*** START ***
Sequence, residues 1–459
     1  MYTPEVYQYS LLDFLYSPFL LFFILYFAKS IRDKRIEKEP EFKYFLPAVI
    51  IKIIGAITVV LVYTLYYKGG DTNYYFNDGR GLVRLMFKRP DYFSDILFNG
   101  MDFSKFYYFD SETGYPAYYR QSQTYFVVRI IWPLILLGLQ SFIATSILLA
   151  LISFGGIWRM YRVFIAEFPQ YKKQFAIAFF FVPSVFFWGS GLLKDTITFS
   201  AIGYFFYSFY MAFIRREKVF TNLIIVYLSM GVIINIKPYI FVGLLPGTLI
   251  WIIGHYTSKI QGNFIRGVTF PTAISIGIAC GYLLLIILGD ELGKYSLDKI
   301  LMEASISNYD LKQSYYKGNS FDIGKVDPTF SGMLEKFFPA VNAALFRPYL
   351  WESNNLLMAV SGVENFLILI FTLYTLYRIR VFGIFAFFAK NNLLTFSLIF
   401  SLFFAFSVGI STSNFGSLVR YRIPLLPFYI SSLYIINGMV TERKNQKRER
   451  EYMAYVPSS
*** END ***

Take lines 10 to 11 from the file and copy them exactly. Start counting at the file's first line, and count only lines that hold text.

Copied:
   401  SLFFAFSVGI STSNFGSLVR YRIPLLPFYI SSLYIINGMV TERKNQKRER
   451  EYMAYVPSS